size of the bottom of the pot or pan. The center
support is for small pans. The inner ring clearly
says Georg Haller, Ottensen. Click photo to
The photo at
left shows the easiest way to install new wicks in
a Haller stove. Note the duct tape extensions
on the wick. The duct tape is pushed through
the wick slots from the top, the wick pulled down
level with the top of the wick tubes, then the duct
tape can be removed.
latest Haller stove, a four burner, with a pristine single
burner on top to illustrate the relative size. This 4
burner was Haller's primo model, more of a range than a
pedestrian stove. This grade had three sections of cast
iron excluding the burner plates on top, and very heavy gauge
enameled steel. The little single burner stove may weigh 2
pounds, but the four burner weighs over 20 pounds! This
large, heavy stove was brought to Canada by German immigrants
before the Great War of 1914-1917 and kept in the family until
finally sold in 2012.
Haller Stoves used 2 3/4" wide,
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Heater Information below
Center Draft Wicks - Wicks
available only from this Wick Shop.
Flat lamp wicks
Aladdin Lamp Wicks
Center Draft Lamp
from "Tiny" Junior to Mammoth lamps.
Fabulous "Sans Rival"
borosilicate chimney for 14''' Kosmos lamps
Student Lamp Sans Rival Chimney with
1 7/8" fitter!!!
Standard glass lamp chimneys
Sonnenbrenner Lamp Chimneys
Information on lamps:
Center Draft Kerosene Lamps
(Photos, information and history, etc)
restored center draft lamps
Care, Feeding and Restoration of Center Draft
installation for many)
Lamp manufacturers and brand names
- Dimension of
nominal base diameter by make, model and "line".
Early American Metal Font & Specialty Lamps
Aladdin Lamp History
Aladdin Lamp Wicks & Chimneys,
Aladdin - Exploded burner views
Flame Spreaders and
- Vulcan, Imperial, Veritas,
Belgian, Hinks, Messenger's, Young's Court, etc.
Articles by Alex Marrack:
Site Index for all things Perfection
Kindler Wicking For Oil Stoves & Ranges
Alphabetical list of most kerosene heaters and the proper wick,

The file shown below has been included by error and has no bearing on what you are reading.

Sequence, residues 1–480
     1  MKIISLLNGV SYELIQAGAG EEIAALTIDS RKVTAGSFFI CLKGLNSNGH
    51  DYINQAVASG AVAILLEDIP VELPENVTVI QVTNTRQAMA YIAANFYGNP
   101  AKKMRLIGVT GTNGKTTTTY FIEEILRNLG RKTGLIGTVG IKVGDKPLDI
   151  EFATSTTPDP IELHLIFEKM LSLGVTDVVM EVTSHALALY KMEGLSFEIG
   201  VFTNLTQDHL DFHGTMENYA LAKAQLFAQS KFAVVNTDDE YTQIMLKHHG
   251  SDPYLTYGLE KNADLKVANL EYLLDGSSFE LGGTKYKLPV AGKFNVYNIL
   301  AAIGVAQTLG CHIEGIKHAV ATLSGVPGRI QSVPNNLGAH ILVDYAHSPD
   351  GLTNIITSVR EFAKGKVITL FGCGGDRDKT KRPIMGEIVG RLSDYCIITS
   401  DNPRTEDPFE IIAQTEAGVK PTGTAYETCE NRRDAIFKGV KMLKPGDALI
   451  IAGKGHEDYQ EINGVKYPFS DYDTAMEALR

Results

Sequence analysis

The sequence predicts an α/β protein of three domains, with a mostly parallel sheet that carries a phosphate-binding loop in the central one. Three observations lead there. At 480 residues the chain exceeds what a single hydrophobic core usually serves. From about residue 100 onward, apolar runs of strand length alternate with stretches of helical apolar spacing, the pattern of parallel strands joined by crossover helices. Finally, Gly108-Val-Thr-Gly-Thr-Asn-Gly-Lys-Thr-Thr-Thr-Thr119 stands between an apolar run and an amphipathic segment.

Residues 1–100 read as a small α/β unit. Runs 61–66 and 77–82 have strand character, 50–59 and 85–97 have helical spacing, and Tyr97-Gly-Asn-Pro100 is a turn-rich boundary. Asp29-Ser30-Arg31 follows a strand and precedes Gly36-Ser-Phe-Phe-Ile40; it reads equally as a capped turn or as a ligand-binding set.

& cart checkout.
List by wick number and the heaters that fit them. (A
helpful guide for buying on eBay)
Measurements needed if you have an unlisted heater.
Care and Maintenance of Kerosene Heater Wicks
Installing Kerosene Heater Wicks - generic for unpinned
Owner's_Manuals & information for many kerosene heaters
Heaters - General types, how they work, recommendations
for some good ones - and those I would avoid.
Economic Benefits of
Troubleshooting kerosene heater common problems
In New Kerosene Appliances
Kerosene Heaters at Night
WATER IN KEROSENE causing "dwindling" and poor
Flame Spreader Heaters
and Lamps -
A Century of Excellence
Kerosene Heater Carts
why carry your heater around?
Kerosene Fuel Primer
Kerosene tank cradles
Building a Cradle
HEATERS MADE IN THE NETHERLANDS
Beatrice Boiling Stoves & Mini kerosene heaters
you can make
Sad Iron stoves; Wicks &
Wicking For Oil
Burning "WICKLESS" Stoves & Ranges
Kerosene Stoves, Lanterns and Ovens
Kerosene Stoves -
Recommendations on different models
Stove Maintenance and Storage
Butterfly A-822, 22 wick, all-aluminum
Butterfly #2487, 16 wick stove.
Butterfly #2412 Pressure
instructions for virtually any pressure stove.
Double Burner Stove;
good with any gravity flow stove.
Oven for Kerosene Stoves
Butterfly #2641, 10 Wick Stove
the least expensive emergency stove.
Butterfly #2698 Cook Stove -
THE Best Heavy Duty Cook Stove.
#828R Pressure Lantern;
same for most pressure lanterns.